Compact too, it’s a good candidate for container gardens and can be hauled indoors to overwinter in colder areas.

Maturing into a handsome multi-branched tree with silver-grey bark and deeply lobed leaves, Celeste bears small, green, and inconspicuous flowers in spring. Although it’s less showy than other fruit trees when in bloom, this little tree will provide loads of figs in late summer.

Celeste figs are small to medium in size, are bronzy-purplish in color, and have a very rich and sweet flavor. These are delectable eaten fresh off the tree or prepped in jams, preserves, and pastries.

Hardiness zone: 6 to 10

Dwarf size: 7 to 10 feet tall and wide

Chilling hours: 100

Self-fertile? Yes

7. Ice Cream Mango (Mangifera indica ‘Ice Cream’)

Normally, mango trees take up a ton of space and can grow to more than 100 feet in height. But dwarfed varieties, like Ice Cream, will keep your mango tree to a much more manageable size.

Ice Cream mango can be trained and pruned to only six feet tall. Known as a “condo mango” it is easily grown in containers and set out on a balcony or patio.

Although mango trees are better suited to warm, tropical climates, container-grown mangos can be placed outside in spring and summer and brought back inside before temperatures reach 40°F (4°C).

Ice Cream mangos are sweet, rich, and creamy. The fiberless fruit starts out green and will ripen to yellow as the weather heats up in June and July.

Hardiness zone: 9 to 11

Dwarf size: 6 to 8 feet tall and 4 feet wide

Self-fertile? Yes

8. Black Mulberry (Morus nigra)

Although it’s often referred to as a bush thanks to its naturally shrubby habit, mulberry can be trained to grow into classic single trunk trees with a dense canopy.

The standard size matures to around 40 feet tall and wide but the dwarfed version can be kept under 10 feet.

Because Black Mulberry produces its delicious fruit on both old and new wood, it can be pruned back each season after fruiting has finished in autumn. This is how you can keep it to a tiny 2-feet.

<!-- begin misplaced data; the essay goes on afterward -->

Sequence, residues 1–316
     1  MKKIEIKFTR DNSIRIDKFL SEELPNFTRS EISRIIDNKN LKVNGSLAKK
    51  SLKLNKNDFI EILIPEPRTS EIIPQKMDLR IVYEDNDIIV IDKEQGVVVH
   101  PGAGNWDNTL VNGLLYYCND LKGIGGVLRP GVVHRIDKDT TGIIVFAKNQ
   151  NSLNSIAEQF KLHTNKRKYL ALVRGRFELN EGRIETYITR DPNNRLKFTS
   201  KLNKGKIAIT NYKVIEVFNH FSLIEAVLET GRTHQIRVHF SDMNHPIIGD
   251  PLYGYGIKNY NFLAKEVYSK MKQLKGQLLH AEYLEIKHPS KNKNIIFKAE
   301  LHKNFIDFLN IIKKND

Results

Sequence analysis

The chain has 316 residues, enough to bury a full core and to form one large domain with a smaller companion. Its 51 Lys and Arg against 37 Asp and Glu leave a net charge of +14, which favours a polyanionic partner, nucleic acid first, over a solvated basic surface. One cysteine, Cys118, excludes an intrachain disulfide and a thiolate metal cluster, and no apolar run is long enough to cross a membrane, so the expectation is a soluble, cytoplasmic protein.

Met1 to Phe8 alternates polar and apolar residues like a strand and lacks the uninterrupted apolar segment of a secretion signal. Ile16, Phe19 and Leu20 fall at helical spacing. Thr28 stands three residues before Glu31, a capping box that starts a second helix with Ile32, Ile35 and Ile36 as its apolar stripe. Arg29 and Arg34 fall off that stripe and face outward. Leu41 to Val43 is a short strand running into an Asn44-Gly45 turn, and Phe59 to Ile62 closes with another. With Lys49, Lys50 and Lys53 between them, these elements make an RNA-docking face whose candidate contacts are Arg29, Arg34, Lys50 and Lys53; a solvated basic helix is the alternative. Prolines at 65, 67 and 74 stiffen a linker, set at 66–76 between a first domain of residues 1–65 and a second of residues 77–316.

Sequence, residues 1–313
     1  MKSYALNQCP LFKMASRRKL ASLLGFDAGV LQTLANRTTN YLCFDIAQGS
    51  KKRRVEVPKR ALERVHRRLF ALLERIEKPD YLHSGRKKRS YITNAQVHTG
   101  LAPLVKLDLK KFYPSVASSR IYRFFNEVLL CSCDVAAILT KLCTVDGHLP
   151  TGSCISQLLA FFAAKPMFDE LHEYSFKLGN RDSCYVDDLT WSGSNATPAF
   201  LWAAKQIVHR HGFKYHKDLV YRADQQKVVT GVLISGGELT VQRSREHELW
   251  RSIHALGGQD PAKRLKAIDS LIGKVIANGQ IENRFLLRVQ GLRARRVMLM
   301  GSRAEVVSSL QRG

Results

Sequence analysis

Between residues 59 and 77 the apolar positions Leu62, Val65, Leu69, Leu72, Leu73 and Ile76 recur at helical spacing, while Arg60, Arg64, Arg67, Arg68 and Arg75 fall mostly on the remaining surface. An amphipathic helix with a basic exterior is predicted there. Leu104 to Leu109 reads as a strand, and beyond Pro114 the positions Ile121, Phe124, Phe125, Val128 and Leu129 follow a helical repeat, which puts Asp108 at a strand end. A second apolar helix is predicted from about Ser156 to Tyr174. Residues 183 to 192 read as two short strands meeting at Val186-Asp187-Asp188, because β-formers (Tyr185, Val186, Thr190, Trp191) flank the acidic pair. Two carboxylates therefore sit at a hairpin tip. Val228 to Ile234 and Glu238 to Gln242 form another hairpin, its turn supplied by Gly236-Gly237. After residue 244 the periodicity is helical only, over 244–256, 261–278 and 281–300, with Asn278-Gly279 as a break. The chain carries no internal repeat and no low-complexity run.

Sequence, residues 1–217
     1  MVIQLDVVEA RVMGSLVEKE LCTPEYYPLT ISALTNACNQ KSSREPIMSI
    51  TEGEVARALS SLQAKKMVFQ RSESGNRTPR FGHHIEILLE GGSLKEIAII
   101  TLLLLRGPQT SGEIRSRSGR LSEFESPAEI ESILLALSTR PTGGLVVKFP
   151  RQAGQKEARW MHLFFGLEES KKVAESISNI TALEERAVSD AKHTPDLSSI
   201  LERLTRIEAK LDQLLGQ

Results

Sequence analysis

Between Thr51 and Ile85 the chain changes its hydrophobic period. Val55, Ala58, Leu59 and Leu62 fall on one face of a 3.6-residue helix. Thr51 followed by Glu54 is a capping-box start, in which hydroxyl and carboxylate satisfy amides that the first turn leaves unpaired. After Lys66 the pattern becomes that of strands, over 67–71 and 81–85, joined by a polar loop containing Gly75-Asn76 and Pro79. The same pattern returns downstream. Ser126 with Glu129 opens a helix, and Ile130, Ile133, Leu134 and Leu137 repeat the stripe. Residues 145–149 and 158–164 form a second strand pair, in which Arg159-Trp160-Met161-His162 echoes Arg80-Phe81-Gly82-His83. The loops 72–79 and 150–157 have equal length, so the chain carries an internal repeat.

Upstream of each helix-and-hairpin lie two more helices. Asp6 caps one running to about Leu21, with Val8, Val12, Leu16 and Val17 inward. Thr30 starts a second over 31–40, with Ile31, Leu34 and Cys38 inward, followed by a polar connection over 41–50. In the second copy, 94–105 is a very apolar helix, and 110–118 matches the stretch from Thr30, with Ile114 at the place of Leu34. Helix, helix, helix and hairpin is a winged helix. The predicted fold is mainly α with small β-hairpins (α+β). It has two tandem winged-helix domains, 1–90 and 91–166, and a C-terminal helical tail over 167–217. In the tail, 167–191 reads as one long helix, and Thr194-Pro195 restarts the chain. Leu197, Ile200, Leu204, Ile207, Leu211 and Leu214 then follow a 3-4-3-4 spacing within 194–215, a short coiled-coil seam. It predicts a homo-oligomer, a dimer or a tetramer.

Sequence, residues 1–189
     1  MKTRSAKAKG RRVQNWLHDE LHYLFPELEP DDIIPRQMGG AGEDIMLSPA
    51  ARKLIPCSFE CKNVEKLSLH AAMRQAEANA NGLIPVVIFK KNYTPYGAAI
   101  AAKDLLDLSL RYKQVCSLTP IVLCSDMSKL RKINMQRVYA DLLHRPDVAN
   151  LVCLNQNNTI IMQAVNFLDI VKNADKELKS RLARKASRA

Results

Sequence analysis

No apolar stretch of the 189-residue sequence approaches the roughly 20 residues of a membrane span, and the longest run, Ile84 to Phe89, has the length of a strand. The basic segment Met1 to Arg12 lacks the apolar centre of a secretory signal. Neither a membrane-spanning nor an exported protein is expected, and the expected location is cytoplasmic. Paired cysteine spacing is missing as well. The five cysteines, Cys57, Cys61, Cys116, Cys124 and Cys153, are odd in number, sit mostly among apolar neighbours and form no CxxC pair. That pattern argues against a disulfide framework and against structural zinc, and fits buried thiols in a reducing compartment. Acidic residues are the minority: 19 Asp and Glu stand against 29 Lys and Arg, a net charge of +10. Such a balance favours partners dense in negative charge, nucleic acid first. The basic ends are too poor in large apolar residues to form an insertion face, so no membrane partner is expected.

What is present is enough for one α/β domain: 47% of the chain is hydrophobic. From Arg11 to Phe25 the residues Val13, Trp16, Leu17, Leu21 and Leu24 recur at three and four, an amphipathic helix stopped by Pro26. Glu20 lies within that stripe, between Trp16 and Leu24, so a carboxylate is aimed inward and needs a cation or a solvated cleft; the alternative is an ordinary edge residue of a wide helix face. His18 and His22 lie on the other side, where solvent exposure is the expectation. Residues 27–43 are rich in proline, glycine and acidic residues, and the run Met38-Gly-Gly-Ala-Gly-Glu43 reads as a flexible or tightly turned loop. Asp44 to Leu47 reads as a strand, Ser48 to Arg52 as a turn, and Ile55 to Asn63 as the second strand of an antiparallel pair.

Whether grown as a tree or shrub, Black Mulberry is a lovely specimen with serrate and leathery green leaves. Inconspicuous green catkins in spring turn to masses to purplish-black berries in summer.

Black mulberry fruit is considered to be the tastiest of all the mulberry species. The fruits look like oblong blackberries, each about one inch long. Juicy and sweet, these are delightful eaten fresh but are equally wonderful as jam, syrup, and wine.

Hardiness zone: 5 to 9

Dwarf size: 2 to 10 feet tall and wide

Chilling hours: 200 to 400

Self-fertile? Yes


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Lindsay Sheehan

I am a writer, lifelong plant lover, permaculture gardener, and unabashed nature nerd. I’m endlessly fascinated by the natural world and its curious inner workings – from the invisible microbes in soil that help our plants grow, to the hidden (and often misunderstood) life of insects, to the astonishing interconnectedness that lies at the heart of our forests. And everything in between.

My gardening philosophy is simple – work with the forces of nature to foster balanced ecosystems in the landscape. By taking advantage of 470 million years of evolutionary wisdom, suddenly the garden is more resilient and self-sustaining. By restoring biodiversity, we get built-in nutrient cycling, pest control, climate regulation, and widespread pollination. By building healthy soil and supporting the food web, we can have lush gardens and do a small part in healing our local biomes, too.

On my own humble patch of earth in zone 5b, I’m slowly reclaiming the land and planting it densely with native wildflowers, grasses, shrubs, and trees. I also tend a food forest, herb garden, and an ever-expanding plot of fruits and vegetables, where I abide by the old adage, ‘one for the mouse, one for the crow, one to rot, and one to grow’.